Knowinnovation facilitated the virtual sessions for the first three days of the workshop. Participants broke into small groups to explore potential opportunities for derived data products based on NEON data and to identify standards and best practices for creating, assessing, and validating user-generated derived products. Several groups developed ideas for new derived data products they would like to create. These included:
- A data product collating NEON organismal trait data from multiple trophic levels at comparable spatial and temporal scales.
- An RShiny application that allows users to estimate ecosystem responses to fire at NEON sites.
- Maps showing different kinds of disturbances at NEON sites using RShiny or Google Earth Engine.
On day four, more than a dozen participants came together to discuss the creation of a summary paper that will provide guidelines for developing and distributing NEON-derived data products, including quality standards. The paper will be submitted to an ESA Journal for peer review later this year. Organizers hope the paper will help others interested in creating and sharing derived data products for the benefit of the NEON user community.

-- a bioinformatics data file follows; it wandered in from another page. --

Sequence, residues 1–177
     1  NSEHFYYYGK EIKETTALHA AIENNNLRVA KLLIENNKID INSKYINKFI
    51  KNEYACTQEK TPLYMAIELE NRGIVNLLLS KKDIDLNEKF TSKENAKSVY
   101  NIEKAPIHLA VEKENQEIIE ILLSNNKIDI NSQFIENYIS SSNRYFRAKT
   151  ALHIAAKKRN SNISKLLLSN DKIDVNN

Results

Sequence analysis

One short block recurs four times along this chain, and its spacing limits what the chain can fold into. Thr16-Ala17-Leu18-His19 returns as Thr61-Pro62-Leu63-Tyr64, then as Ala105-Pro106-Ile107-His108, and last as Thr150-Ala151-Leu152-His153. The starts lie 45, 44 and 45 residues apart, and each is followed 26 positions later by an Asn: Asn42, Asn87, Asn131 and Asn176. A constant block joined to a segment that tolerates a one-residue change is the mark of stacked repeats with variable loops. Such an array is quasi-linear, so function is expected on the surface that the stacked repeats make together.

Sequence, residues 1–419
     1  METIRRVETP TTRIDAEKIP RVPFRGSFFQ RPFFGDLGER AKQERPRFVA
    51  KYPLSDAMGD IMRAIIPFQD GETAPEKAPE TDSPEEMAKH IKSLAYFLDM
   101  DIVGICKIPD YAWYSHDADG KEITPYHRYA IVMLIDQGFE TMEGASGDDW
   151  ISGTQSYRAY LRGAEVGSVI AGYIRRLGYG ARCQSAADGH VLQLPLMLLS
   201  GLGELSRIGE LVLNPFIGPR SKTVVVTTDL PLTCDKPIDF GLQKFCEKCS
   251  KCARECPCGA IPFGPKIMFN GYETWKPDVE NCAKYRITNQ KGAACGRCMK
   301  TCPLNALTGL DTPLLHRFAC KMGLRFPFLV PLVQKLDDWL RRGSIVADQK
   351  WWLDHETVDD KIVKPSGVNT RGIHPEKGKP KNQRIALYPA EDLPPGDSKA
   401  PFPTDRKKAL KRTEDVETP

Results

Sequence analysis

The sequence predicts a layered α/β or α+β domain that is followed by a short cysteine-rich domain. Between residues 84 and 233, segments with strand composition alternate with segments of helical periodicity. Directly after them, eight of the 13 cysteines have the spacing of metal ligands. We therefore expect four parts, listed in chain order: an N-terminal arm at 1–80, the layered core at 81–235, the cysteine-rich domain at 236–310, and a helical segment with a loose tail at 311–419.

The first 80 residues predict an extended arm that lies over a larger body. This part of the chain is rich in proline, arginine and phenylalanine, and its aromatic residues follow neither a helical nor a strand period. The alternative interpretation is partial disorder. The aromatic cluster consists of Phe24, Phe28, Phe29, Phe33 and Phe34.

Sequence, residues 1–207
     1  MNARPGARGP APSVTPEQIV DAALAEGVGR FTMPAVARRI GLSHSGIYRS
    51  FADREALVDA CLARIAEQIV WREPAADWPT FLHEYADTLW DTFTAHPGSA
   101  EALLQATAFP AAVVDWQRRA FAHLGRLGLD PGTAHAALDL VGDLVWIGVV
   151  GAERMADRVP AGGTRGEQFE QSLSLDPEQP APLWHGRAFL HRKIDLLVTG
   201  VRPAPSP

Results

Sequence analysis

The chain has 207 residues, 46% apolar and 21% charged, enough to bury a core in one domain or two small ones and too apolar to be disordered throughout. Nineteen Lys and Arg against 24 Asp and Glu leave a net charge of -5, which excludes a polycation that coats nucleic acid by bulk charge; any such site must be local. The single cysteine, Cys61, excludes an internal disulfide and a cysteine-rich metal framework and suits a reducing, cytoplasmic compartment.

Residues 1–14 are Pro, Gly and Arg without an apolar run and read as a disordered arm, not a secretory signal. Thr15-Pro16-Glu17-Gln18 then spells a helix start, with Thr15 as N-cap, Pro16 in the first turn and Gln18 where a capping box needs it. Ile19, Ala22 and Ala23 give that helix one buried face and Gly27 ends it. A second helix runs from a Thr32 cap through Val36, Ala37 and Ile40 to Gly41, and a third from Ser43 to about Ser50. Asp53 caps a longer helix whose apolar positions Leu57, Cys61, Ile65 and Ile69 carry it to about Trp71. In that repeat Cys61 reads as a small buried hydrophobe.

They hope to see other outcomes from the workshop as well. For example, some participants are interested in organizing a hackathon for collaborative work on some of the new derived data products suggested at the workshops. Ultimately, they hope to see several new derived data products available through EDI. Richardson says, "The goal is to have products indexed and easily accessible for people. We want them to be easy to find and easy to use." There is also interest in creating educational materials for teachers in higher education and K-12 around NEON-derived data products.
About the NEON Ambassador Program
The Derived Data Workshop would not have been possible without the dedication and expertise of our NEON Ambassadors. The Ambassador Program was created to engage the NEON user community and promote the use of NEON data within the scientific community and beyond. Ambassadors have the opportunity to work with like-minded peers representing a diverse range of disciplines, backgrounds, and institutional affiliations. They receive support from NEON staff and access to a dedicated community toolkit with resources designed by and for NEON Ambassadors.
The launch of NEON Ambassadors 2.0 is in the works! Contact firstname.lastname@example.org with questions, or check https://www.neonscience.org/neon-ambassador-program for updates as they become available.